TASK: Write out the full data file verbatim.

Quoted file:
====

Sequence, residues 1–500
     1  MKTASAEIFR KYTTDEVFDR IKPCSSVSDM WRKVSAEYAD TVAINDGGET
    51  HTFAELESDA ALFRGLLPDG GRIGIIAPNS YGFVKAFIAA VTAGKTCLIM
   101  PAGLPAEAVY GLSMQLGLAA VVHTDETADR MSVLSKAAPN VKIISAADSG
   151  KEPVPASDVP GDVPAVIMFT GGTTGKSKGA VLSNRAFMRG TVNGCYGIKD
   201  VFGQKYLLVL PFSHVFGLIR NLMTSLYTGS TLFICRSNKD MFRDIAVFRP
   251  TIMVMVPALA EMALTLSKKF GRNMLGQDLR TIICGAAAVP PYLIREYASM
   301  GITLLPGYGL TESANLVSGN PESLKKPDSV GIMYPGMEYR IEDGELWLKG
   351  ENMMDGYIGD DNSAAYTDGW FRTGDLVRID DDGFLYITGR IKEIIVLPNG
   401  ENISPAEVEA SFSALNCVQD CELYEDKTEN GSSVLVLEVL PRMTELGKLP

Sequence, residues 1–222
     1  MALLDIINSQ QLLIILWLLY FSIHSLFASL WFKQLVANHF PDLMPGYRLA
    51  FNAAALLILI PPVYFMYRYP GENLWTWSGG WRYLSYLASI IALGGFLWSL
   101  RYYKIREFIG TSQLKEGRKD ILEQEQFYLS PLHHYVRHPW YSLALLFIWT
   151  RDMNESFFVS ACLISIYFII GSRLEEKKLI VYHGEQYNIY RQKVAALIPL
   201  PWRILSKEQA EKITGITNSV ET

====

Sequence, residues 1–500
     1  MKTASAEIFR KYTTDEVFDR IKPCSSVSDM WRKVSAEYAD TVAINDGGET
    51  HTFAELESDA ALFRGLLPDG GRIGIIAPNS YGFVKAFIAA VTAGKTCLIM
   101  PAGLPAEAVY GLSMQLGLAA VVHTDETADR MSVLSKAAPN VKIISAADSG
   151  KEPVPASDVP GDVPAVIMFT GGTTGKSKGA VLSNRAFMRG TVNGCYGIKD
   201  VFGQKYLLVL PFSHVFGLIR NLMTSLYTGS TLFICRSNKD MFRDIAVFRP
   251  TIMVMVPALA EMALTLSKKF GRNMLGQDLR TIICGAAAVP PYLIREYASM
   301  GITLLPGYGL TESANLVSGN PESLKKPDSV GIMYPGMEYR IEDGELWLKG
   351  ENMMDGYIGD DNSAAYTDGW FRTGDLVRID DDGFLYITGR IKEIIVLPNG
   401  ENISPAEVEA SFSALNCVQD CELYEDKTEN GSSVLVLEVL PRMTELGKLP

Sequence, residues 1–222
     1  MALLDIINSQ QLLIILWLLY FSIHSLFASL WFKQLVANHF PDLMPGYRLA
    51  FNAAALLILI PPVYFMYRYP GENLWTWSGG WRYLSYLASI IALGGFLWSL
   101  RYYKIREFIG TSQLKEGRKD ILEQEQFYLS PLHHYVRHPW YSLALLFIWT
   151  RDMNESFFVS ACLISIYFII GSRLEEKKLI VYHGEQYNIY RQKVAALIPL
   201  PWRILSKEQA EKITGITNSV ET